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Published on 7 January 2009

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Brain age used to predict dementia

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A brain-scanning technique is being developed that could aid in the treatment of Alzheimer’s disease by revealing the early signs of dementia, it has been announced.

Scientists from the University of California, USA, used a PET scan to identify brain ageing, specifically the plaques and tangles that are a hallmark of neurodegeneration.

The study, published in Archives of General Psychiatry, also looked at information on patients’ age, cognitive status and a genetic profile.

Study author Dr Gary Small said: “Combining key patient information with a brain scan may give us better predictive power in targeting those who may benefit from early interventions, as well as help test how well treatments are working.”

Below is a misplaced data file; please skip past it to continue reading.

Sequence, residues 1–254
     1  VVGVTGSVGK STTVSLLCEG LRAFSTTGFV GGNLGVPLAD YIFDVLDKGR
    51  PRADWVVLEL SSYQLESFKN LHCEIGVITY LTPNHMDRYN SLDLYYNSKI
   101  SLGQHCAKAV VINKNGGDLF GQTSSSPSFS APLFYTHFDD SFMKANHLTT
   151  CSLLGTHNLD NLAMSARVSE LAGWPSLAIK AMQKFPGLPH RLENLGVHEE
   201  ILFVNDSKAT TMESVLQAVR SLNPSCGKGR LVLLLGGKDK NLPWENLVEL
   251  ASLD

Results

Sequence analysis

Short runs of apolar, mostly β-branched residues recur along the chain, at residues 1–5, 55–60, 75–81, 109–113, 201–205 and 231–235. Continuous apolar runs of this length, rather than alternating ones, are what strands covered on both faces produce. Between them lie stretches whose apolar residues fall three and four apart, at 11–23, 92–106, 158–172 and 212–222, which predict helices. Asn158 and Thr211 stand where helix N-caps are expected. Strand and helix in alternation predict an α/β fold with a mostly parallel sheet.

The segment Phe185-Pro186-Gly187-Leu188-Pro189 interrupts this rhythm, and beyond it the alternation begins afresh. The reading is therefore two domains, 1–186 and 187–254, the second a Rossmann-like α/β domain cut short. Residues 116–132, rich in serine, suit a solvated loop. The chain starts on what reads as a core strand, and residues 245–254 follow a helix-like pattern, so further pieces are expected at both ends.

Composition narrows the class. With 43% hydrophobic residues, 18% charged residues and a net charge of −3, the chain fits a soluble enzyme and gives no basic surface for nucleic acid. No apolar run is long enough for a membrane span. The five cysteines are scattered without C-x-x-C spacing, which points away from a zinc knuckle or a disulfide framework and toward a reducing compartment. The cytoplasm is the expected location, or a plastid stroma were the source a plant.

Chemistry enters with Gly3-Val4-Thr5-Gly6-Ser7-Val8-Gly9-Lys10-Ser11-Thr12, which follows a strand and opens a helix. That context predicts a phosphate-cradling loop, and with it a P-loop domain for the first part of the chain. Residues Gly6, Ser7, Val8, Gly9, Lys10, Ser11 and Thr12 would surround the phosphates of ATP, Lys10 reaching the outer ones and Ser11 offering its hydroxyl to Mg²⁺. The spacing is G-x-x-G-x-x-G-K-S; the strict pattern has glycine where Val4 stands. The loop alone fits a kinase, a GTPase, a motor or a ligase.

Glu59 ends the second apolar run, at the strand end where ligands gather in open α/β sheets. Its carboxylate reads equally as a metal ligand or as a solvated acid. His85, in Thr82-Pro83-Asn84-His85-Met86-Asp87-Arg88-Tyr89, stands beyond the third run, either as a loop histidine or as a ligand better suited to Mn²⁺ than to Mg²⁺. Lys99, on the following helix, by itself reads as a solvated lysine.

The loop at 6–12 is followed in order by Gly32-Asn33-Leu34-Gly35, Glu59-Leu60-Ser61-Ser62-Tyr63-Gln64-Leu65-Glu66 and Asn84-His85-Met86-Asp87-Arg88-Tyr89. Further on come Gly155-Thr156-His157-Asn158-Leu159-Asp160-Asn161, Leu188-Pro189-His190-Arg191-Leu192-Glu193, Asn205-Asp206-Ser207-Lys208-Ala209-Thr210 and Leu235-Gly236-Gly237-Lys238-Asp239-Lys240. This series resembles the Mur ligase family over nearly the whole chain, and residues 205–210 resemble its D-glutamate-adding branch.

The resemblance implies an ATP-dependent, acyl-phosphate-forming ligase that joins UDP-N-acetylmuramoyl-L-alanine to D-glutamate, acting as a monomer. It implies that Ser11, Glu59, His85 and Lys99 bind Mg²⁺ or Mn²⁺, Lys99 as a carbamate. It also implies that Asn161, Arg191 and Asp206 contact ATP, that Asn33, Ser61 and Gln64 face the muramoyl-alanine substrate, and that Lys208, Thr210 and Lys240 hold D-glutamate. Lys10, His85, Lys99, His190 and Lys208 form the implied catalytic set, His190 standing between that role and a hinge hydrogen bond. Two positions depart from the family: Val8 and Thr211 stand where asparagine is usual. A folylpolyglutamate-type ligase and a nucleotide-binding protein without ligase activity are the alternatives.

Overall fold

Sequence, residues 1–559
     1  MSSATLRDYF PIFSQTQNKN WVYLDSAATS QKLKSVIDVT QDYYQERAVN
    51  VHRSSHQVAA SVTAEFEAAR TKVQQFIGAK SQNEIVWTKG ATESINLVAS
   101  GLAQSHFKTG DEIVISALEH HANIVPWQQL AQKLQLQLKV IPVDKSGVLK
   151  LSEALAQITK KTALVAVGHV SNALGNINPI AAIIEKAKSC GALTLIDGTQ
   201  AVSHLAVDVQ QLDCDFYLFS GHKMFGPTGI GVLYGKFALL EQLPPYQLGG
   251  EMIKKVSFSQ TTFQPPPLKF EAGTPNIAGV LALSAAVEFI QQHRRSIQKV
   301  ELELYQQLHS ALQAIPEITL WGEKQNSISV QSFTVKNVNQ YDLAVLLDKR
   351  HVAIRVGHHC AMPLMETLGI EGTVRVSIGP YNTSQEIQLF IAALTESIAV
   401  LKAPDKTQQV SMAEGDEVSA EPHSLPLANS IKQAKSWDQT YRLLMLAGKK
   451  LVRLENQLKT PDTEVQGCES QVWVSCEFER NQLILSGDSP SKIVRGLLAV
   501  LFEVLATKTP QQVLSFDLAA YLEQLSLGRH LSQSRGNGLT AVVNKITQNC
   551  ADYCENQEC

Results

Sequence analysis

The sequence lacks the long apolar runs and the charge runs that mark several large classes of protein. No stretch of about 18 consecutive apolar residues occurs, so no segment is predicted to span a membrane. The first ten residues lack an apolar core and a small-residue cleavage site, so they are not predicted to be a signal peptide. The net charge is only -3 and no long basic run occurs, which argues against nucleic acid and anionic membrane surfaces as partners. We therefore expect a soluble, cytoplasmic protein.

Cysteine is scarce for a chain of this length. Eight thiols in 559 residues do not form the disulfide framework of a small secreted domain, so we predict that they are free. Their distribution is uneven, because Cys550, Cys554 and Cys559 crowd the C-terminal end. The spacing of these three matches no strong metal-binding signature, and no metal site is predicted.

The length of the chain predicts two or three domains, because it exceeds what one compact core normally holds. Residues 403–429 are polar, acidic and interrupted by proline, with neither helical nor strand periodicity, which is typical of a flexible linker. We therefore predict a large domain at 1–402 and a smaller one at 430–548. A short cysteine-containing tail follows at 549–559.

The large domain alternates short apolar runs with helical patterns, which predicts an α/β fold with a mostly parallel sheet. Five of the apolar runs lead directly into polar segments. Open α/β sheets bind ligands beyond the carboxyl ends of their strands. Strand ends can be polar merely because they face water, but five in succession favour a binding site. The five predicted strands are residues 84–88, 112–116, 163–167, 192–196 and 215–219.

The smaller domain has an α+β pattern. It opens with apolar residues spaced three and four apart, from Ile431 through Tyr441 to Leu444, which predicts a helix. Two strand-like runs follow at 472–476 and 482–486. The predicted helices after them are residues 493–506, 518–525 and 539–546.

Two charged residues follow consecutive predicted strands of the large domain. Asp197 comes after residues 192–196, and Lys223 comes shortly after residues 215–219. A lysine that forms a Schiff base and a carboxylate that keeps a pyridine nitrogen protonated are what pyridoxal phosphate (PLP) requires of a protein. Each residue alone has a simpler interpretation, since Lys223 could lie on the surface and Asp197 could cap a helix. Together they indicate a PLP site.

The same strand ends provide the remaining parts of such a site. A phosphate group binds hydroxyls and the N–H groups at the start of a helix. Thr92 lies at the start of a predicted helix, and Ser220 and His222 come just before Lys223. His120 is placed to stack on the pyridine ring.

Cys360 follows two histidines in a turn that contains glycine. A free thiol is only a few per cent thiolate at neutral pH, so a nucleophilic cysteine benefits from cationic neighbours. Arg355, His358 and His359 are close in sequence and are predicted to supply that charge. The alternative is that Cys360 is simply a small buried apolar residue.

A total of 76 volunteers were scanned after having been intravenously injected with chemical marker FDDNP that binds to plaque and tangle deposits in the brain. Researchers were then able to pinpoint where these abnormal protein deposits were accumulating.

They reported that older age correlated with higher concentrations of FDDNP in the medial and lateral temporal regions of the brain, areas involved with memory where plaques and tangles usually collect.

Of the 76 volunteers, 34 carried the APOE-4 gene allele – which heightens the risk for developing Alzheimer’s disease. This group demonstrated higher FDDNP levels in the frontal region of the brain, also involved in memory, than study participants without allele.

Copyright Press Association 2009

University of California



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